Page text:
12th Young Lion Cup to feature in the Road to Destruction tour; eight competitors to wrestle in single block league culminating in Kobe on September 22.
While hot young prospects have long emerged from New Japan’s Dojo system, the competition among Young Lions has arguably never been fiercer than at current. Adding to competition has been a budding rivalry between the New Japan and LA Dojos that saw fiery moments during the G1 Climax and Super J-Cup 2019 tours. The New Zealand based Fale Dojo has also seen prospects rise and be featured during the recent Southern Showdown tour in Melbourne and Sydney.
Now, eight promising Young Lions will compete in the 12th running of the Young Lion Cup. The cup’s history dates back to 1985, where Shunji Kosugi took victory, the final match being part of the first ever wrestling event in Ryogoku Sumo Hall. The last New Japan Cup was held in the winter of 2017, and was won by Katsuya Kitamura.
The 12th Young Lion Cup will consist of a single block, eight participant league. All matches will be 15 minutes long, with two points for a win, one for a time limit draw and zero for a loss or no-contest. The top point scorer by league’s end in Kobe will be the winner.
12th Young Lion Cup entrants
Umino is one of two entrants with Young Lion Cup experience, having logged a 2-3 record in the six man field of 2017.
Having undergone phenomenal growth in the months since he was taken under Jon Moxley’s wing during the G1 Climax 29 tour, and will bring an aggressive attitude to the league.
Narita was also part of the 2017 Young Lion Cup, and although he only scored one point off a time limit draw to end 0-4-1, he benefitted greatly off the experience. Since gaining a reputation for fearsome bridging suplexes, Narita was entered into the Best of the Super Juniors as a late substitute, and consistently impressed, albeit in defeat.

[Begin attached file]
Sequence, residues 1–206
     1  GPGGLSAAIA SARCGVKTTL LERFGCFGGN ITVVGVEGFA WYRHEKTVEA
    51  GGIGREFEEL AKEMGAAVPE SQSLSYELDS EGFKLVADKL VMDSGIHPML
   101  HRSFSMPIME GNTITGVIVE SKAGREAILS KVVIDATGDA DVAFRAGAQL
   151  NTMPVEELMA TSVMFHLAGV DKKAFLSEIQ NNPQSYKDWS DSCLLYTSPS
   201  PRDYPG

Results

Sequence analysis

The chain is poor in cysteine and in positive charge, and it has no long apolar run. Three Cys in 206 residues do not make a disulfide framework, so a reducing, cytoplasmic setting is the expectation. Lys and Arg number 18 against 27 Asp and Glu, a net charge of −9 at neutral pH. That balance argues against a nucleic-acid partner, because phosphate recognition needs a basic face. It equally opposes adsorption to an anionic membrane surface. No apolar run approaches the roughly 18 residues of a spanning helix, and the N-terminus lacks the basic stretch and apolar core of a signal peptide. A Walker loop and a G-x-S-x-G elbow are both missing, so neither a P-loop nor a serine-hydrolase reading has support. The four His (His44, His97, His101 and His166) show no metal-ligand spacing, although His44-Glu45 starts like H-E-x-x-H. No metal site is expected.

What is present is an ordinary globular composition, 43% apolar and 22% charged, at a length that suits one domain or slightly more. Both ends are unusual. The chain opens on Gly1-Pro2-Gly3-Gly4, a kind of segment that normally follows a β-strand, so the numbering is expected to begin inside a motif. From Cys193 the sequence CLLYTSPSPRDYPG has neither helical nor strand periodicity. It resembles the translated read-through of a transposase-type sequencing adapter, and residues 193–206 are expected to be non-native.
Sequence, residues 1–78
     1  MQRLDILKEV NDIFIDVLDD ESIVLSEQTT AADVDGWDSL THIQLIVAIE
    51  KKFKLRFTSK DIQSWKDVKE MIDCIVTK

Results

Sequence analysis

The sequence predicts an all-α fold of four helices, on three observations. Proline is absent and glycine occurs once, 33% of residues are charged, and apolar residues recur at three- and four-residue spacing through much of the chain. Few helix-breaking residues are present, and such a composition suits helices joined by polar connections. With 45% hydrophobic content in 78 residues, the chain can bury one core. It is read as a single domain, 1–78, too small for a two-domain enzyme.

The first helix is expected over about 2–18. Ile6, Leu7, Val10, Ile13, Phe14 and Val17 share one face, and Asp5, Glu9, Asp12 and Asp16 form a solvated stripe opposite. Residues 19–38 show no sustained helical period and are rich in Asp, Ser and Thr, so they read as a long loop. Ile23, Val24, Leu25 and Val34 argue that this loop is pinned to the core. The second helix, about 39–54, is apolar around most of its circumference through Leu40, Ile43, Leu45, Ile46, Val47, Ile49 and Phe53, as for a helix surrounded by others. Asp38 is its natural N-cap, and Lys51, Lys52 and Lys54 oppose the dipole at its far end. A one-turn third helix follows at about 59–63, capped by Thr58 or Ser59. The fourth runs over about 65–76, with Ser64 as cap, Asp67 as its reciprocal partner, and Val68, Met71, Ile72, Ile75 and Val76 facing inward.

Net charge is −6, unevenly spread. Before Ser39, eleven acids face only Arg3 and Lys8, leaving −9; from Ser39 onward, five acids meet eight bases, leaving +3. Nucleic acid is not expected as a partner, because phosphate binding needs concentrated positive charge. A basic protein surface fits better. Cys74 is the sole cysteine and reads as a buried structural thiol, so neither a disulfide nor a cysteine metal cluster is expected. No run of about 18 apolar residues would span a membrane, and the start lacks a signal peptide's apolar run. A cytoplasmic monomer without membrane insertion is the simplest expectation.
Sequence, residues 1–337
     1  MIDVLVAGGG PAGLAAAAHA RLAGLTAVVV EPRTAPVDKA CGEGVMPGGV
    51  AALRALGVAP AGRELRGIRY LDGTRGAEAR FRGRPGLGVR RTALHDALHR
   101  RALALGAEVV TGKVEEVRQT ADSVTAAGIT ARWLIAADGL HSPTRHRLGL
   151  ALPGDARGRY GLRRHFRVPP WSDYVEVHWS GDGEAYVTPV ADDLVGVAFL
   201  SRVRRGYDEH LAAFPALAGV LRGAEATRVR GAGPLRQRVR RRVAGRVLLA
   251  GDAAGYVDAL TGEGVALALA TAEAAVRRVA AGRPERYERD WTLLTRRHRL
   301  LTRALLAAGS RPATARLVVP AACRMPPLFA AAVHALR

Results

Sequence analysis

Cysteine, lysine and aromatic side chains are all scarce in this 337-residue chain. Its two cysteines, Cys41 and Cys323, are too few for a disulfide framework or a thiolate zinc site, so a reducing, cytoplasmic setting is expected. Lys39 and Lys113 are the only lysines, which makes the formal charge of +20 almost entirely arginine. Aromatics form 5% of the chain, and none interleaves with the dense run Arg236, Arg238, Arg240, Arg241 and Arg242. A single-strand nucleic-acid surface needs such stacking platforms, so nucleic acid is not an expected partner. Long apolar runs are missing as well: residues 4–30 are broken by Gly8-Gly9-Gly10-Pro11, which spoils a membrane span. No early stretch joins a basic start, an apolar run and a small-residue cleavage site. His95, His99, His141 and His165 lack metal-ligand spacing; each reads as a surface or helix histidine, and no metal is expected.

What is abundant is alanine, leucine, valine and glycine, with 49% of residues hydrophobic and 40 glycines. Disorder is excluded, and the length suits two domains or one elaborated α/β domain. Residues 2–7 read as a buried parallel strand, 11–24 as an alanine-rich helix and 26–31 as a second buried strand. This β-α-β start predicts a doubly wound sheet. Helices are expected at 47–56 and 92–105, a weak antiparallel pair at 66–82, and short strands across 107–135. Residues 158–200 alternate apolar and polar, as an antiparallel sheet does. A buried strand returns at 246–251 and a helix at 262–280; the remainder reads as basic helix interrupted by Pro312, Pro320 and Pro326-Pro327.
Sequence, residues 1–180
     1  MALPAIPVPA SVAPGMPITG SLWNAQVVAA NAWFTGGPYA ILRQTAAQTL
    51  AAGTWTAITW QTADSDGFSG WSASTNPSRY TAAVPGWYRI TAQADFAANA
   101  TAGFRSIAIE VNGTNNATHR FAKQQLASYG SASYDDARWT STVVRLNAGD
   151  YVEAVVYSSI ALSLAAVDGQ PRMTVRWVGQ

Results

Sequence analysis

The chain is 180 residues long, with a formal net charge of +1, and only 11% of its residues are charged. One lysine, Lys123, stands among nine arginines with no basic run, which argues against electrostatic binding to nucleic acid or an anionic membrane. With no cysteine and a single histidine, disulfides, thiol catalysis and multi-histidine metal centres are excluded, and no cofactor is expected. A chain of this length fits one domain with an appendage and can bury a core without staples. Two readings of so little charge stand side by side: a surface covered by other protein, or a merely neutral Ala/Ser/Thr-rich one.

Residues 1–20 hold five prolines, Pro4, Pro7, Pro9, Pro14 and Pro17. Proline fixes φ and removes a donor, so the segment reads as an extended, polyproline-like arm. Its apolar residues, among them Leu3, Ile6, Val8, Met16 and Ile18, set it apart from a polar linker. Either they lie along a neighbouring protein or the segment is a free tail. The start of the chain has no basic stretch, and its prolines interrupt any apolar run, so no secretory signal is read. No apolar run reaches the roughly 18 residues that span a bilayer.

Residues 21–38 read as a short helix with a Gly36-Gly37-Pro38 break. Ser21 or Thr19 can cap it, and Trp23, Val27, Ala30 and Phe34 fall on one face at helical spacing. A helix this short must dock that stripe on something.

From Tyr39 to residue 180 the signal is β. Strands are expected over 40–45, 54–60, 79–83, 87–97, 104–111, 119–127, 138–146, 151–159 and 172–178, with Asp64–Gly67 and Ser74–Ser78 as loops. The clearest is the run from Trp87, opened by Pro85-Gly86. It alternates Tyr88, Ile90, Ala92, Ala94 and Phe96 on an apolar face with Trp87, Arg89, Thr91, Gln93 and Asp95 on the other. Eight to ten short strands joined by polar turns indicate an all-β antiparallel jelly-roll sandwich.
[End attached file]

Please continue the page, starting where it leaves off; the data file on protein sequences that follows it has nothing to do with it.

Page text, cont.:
The powerhouse of the New Japan Dojo, Tsuji has impressed with powerslams and impressive strikes. The former American football player attributes his strong arm to experience on the football field, and his lariats and chops bear testament to that.
Uemura and Tsuji have been locked in a rivalry with one another ever since their debuts over a year ago, while simultaneously trying to overthrow their Dojo senpai in Narita and Umino. Like Narita, Uemura has fearsome suplexes, and a huge amount of fire, as he seeks to make his mark.
One of Katsuyori Shibata’s top prospects in the LA Dojo, Connors was impressive in the G1 Climax, especially when teaming with Fredericks. His efforts were noticed and respected enough that he earned a place in the 2019 Super J-Cup, and started an upward trend that he hopes to continue.
Fredericks formed a solid tag team with Connors during the G1 Climax 29 tour, but it’s every man for himself in the Super J-Cup. This spectacular young athlete is a dangerous one to bet against in the league.
Another Shibata LA Dojo prospect, Coughlin did not join his fellow trainees in the G1 Climax 29 tour, but his absence only motivated this young man. Making an appearance on the last night of the Super J-Cup in Walter Pyramid, Coughlin managed to defeat Shota Umino, instantly making him a respected competitor in this tournament.
Richards is the sole representative of the Fale Dojo in this tournament. Fans last saw him at Southern Showdown in Melbourne when he was on the losing side of a six man tag teaming with other Fale Dojo members Mark Tui and Andrew Villalobos. Richards was nonetheless impressive, and has shown outstanding work ethic at home, and when he trained with New Japan Dojo members last winter.